7. 3 The Time of the Nation, the Time of the State
    (pp. 59-75)

    Early in Robert Coover’sThe Public Burning(1977) the reader gets another shock. We’ve already had to process that Richard Nixon narrates much of the novel, that the Rosenbergs are going to be executed in Times Square during a giant public party, and that Uncle Sam is a “real” person rather than a mythic hero. Now, during a particularly loaded golf game between Richard Nixon and Uncle Sam, the intimacy of Nixon’s contact with the national symbolic turns into pure absurdity. The urgency with which Sam has been forcing Nixon to pursue the execution of the Rosenbergs becomes newly marked...

  8. 4 Unthinking the Thinkability of the Unthinkable
    (pp. 76-103)

    In Tim O’Brien’s 1985 novelThe Nuclear Age,the increasingly hysterical protagonist has only one “practical” response to his fear of imminent thermonuclear war: he digs a big hole in his backyard in the hope of completing a fallout shelter for himself, his wife, and his daughter before the missiles fly.¹ A pure product of the Cold War, and a disenchanted veteran of one of the New Left’s aggressive subfactions, William Cowling’s dreams are haunted by destruction.² O’Brien’s novel reminds us of just how intractable the Cold War seemed to be in 1985; no one could have foreseen that the...

  9. 5 Trying to Understand End Zone
    (pp. 104-123)

    “I became fascinated by words and phrases like thermal hurricane, overkill, circular error probability, post-attack environment, stark deterrence, dose-rate contours, kill-ratio, spasm war. Pleasure in these words. They were extremely effective, I thought, whispering shyly of cycles of destruction so great that the language of past world wars became laughable, the wars themselves somewhat naive.”¹ William Cowling would no doubt be furious at Don DeLillo’s apparent reveling in the language of “professional” nuclear war strategy, revealing as it does the radical divide between signifier and signified at the heart of a strategic culture that could contemplate killing nations.² As lines...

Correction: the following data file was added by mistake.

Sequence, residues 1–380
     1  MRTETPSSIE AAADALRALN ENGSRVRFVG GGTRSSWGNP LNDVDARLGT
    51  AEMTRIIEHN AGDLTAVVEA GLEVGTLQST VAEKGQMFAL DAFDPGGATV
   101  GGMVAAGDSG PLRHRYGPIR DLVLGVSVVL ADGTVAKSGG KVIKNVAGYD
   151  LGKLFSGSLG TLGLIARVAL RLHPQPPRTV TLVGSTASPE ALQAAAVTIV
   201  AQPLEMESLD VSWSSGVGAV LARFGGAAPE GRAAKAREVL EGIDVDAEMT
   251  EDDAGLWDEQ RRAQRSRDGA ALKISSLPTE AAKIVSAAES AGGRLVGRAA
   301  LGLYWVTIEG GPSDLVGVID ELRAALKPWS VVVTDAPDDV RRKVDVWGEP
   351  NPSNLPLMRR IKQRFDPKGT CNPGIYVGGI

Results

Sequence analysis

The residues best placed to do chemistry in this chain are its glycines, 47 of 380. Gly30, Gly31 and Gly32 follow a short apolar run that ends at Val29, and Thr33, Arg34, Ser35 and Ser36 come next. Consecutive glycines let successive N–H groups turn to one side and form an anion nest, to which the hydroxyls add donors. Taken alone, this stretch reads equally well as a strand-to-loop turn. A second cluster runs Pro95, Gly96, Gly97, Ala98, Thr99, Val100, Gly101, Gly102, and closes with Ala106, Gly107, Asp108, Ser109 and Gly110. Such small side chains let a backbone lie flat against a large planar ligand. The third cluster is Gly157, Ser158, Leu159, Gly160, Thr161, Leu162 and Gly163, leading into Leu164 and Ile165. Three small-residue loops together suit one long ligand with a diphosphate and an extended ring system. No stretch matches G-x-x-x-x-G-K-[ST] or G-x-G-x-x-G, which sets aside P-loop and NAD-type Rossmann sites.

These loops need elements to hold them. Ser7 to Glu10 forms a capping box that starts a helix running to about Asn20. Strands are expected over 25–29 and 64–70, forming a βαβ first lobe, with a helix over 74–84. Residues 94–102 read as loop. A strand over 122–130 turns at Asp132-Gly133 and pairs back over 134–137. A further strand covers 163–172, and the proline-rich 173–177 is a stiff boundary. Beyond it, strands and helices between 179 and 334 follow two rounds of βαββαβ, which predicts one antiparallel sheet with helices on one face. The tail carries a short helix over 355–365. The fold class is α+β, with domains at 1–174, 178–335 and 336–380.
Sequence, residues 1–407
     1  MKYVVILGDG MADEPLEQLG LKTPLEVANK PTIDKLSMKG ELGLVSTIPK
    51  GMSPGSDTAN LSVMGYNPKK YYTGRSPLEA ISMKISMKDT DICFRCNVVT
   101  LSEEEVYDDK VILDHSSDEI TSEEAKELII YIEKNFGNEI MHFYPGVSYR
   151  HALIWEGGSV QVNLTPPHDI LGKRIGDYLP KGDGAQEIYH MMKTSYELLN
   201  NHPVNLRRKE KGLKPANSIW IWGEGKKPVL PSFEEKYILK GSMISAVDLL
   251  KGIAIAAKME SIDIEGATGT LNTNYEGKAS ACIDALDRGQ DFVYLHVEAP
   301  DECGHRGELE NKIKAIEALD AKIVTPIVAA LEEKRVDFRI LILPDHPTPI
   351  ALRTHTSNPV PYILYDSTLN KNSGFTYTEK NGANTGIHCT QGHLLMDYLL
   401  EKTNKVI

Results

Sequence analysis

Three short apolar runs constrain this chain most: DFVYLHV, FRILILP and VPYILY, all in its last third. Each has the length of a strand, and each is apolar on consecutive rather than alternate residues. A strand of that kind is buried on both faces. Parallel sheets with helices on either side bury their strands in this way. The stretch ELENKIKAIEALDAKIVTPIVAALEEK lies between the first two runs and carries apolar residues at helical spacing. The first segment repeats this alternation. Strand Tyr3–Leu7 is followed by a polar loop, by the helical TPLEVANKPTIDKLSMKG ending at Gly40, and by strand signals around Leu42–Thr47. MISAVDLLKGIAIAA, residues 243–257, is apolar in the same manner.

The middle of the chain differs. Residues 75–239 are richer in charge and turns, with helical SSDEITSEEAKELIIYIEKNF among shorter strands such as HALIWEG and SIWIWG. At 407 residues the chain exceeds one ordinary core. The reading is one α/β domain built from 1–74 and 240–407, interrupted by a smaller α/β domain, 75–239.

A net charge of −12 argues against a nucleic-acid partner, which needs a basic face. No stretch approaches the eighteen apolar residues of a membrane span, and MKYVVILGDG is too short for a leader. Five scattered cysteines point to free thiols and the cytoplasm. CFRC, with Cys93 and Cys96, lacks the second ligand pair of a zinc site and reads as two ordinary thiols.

10. 6 The Dominant Tense: Richard Powers and Late Postmodernism
    (pp. 124-148)

    Born in 1957, Richard Powers is the most publicly visible heir to the tradition of postmodern self-reflexivity outlined in the preceding five chapters, and his stature as one of the most important writers of his generation now seems assured: his honors include a MacArthur “genius” grant and a National Book Award, he has a growing popular readership, and an emerging critical industry is devoted to his work. He came of creative age in the Reagan era when the Cold War was reheated (his first novel,Three Farmers on Their Way to a Dance,was published in 1985), and he has...

  11. Afterword: Critical Conventions / Postmodern Canons
    (pp. 149-162)

    In the third chapter ofDemocracy(1984), Joan Didion tells us that the novel she is “no longer writing” was to have been “a study in provincial manners, in the acute tyrannies of class and privilege by which people assert themselves against the tropics,” focusing on a “family in which the colonial impulse had marked every member.”¹ This is classic Didion in its narrative self-consciousness, butDemocracyis also resolutely Didionesque in another way, since the novel she goes on to write is, like much of her fiction, interested in peeling away the veneer of civility to reveal what sustains...

  12. Notes
    (pp. 163-178)
  13. Bibliography
    (pp. 179-190)
  14. Index
    (pp. 191-196)